I get this question a lot both at the shop and when we are out at events and trade shows. The most common time this question is asked is when a customer brings in a saddle for repair and the repair needed is so extensive due to the amount of dry rot. Here the customer will usually say, “I would of oiled it but I didn’t know what kind of oil to use.” To this I always answer, “Even the wrong oil would have helped more than what you did… which was nothing.”
I know, oiling your saddle and gear is not the most exciting thing to do on your weekends off, but neither is writing large checks for saddle repairs or worse yet visiting the ground suddenly when something finally breaks.
There are hundreds of saddle conditioners, cleaners, lubricators, creams, savs, liquids, and the like that make choosing the best product for your gear a tuff choice. Again, ALL of these will, in some way, help your leather retain its life better than nothing at all. And if you still don’t feel comfortable making a decision then there is always a shop like ours that would be happy to handle this for you.
For oil, we use Olive Oil. We buy it from a local grocery supply company by the case and use it on both new and used leather items. I have heard of many people using canola, peanut, vegetable, and other food oils and they seem to work fine. My only issue with the other oils is that it seems to me that they would attract rats worse than the olive oil. Neatsfoot oil is the old standby and is still widely used. There is nothing wrong with this but it seems to me that olive oil seems to oil more evenly than neatsfoot and the main reason that we use it in the shop.
When it comes to conditioners, I recommend Skidmore’s Leather Cream above all else. This cream is great for lubricating the fibers in the leather and restoring life to dry stiff leather. This product is made of all natural ingredients including vegetable oils and beeswax and will also water proof the leather. A little bit of this cream goes a long way so don’t over do it, multiple light coats is always better than one heavy coat. This product is also amazing on boots and hunting gear.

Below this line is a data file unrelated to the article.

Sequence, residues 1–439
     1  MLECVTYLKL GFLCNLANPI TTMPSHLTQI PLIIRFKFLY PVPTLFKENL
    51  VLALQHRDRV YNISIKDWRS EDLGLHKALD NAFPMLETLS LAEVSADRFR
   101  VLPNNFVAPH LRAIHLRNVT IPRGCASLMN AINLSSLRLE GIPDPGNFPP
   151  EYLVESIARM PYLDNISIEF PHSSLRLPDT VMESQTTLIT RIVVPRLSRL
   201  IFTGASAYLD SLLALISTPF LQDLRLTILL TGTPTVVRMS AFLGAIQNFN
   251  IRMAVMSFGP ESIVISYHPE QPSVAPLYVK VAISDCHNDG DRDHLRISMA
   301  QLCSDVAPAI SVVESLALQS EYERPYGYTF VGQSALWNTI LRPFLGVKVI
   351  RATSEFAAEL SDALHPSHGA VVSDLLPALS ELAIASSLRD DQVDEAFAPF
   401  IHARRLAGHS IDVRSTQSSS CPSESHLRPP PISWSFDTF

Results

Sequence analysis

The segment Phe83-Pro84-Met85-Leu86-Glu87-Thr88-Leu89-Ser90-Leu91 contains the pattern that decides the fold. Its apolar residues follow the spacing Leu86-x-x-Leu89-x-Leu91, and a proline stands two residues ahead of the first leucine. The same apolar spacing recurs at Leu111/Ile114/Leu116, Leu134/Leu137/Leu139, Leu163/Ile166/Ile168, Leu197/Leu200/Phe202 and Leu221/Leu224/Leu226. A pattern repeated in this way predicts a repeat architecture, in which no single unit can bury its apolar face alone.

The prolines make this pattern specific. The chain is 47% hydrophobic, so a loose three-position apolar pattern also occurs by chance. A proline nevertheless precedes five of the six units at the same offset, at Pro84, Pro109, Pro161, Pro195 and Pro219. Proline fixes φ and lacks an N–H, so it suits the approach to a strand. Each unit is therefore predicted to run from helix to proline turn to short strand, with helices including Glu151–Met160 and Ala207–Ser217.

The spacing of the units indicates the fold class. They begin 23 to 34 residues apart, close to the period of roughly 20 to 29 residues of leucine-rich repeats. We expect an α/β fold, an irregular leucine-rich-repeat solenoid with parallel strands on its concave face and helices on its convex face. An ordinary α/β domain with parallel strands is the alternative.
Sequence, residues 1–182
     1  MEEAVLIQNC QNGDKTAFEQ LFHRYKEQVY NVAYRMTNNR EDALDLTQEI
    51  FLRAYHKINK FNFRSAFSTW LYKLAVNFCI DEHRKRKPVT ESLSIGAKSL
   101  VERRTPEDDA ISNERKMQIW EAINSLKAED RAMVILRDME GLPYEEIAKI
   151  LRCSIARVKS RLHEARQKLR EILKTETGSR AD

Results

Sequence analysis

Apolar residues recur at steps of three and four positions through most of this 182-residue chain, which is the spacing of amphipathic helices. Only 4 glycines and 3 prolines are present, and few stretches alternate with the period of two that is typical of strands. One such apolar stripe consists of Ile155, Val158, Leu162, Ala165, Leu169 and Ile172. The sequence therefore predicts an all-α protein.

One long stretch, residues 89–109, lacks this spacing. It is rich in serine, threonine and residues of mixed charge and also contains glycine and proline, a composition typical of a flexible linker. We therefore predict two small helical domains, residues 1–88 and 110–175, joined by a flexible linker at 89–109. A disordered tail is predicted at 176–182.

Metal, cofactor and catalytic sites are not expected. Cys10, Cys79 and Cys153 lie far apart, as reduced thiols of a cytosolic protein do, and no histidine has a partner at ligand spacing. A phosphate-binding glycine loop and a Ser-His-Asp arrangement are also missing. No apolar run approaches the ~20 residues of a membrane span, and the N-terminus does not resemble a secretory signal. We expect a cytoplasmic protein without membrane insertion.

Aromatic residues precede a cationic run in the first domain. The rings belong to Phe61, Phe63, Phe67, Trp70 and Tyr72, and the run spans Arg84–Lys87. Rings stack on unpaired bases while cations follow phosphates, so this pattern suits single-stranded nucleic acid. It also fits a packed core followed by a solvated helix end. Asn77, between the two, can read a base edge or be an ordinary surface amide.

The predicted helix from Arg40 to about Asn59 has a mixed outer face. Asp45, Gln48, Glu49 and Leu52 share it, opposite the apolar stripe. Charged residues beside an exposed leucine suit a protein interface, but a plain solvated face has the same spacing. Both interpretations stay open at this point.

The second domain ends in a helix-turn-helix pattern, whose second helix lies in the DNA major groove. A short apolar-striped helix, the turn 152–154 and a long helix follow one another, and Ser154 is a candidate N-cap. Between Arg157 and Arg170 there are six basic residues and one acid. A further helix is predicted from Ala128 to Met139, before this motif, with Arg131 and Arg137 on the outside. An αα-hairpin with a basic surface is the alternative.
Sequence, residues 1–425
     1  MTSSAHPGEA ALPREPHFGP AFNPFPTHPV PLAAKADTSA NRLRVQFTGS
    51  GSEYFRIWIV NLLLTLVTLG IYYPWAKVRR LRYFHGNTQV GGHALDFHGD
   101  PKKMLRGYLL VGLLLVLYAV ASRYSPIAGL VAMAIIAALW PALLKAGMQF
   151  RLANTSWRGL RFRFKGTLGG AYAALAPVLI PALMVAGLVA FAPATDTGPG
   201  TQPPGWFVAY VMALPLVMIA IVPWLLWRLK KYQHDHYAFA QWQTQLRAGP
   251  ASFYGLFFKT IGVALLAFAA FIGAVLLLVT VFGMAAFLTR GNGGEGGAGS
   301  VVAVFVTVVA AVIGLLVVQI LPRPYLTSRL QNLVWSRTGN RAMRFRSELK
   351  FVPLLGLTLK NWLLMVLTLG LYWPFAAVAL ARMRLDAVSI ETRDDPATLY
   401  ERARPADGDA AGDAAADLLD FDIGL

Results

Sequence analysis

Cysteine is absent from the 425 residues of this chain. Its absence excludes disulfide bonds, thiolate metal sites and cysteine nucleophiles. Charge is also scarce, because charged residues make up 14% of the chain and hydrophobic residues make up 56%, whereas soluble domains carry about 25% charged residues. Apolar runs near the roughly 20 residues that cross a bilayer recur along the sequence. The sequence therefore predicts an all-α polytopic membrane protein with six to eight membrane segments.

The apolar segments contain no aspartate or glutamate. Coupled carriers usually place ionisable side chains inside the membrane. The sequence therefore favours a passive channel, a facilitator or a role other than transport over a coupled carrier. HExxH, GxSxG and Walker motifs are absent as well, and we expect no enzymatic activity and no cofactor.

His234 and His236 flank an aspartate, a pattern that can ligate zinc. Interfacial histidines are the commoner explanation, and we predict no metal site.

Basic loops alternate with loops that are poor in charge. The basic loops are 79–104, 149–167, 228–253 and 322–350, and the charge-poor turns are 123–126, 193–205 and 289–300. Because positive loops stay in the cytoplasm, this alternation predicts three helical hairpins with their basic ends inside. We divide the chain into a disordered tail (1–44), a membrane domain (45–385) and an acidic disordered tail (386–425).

The one thing to remember with conditioning your saddles and tack is that putting oil and conditioners on top of dirty leather can damage the leather. In doing this over time, you create multiple layers of dirt and oil which becomes a thick film that is almost impossible to remove. I always recomend washing leather with a mild dish soap like Dawn, Ivory, or even Murphy’s Oil Soap and rinsing thoroughly. Scrub the saddle with a medium bristle brush to lift the dirt and grime out of the leather. I don’t recommend saddle soap because it is suppose to be left on the saddle to dry and then the dirt stays on the leather. If you want to lather the saddle up with saddle soap after its cleaned, then that’s okay.
Always let your saddle dry completely (could take a day or two) before oiling and conditioning. If you oil too soon, you could get a real bad case of mold. I will talk more about mold and controlling it in a later post.
I know its hard to remember to oil your saddle and tack, but here is my suggestion on a system that may not make it such a big deal. Every time you worm your horses give all your tack and saddles a good look over and wipe them down with a light coat of oil. And when it comes to doing a complete washing and oiling, I recommend this once a year. This could be every time your coggins is due or at the end of your show season. And if you don’t want to go through the trouble of doing it yourself you can always drop it off at the saddle shop and we will do it for you.
Saddles generally get abused and thrown back in the saddle house or trailer till their next use. Many times and for most folks they get oiled little and washed even less. Dirt is a big problem for leather because it draws the oils out and dries the leather if left for extended periods of time. This leads to dryrott and damage that can lead to expensive repairs.
I recommend washing saddles and leather goods with a mild soap like Ivory dish soap or Murphy’s Oil Soap. Scrubbing this in with a soft brush and rinsing with warm water will get the dirt up and away from the leather. Once completely rinsed, set outside and allow to dry fully before conditioning leather with oil or leather conditioner. Not allowing the leather to dry fully can lead to mold growth.
It helps to take the saddle apart as far as you feel comfortable, this will allow you to get to the places that are hard to reach. A lot of saddle repairs are needed for the small, but important, parts that are underneath the main pieces of the saddle(rigging, connectors, stirrup leathers, etc).
Keep your saddle clean and maintained and you can save a lot of money on repairs. If all this sounds like too much work or just not your thing we would be happy to do this for you. We offer a complete Clean, Oil, and Polish in our shop as do many other saddle shops. I recommend this once a year with proper quaterly maintenance depending on use.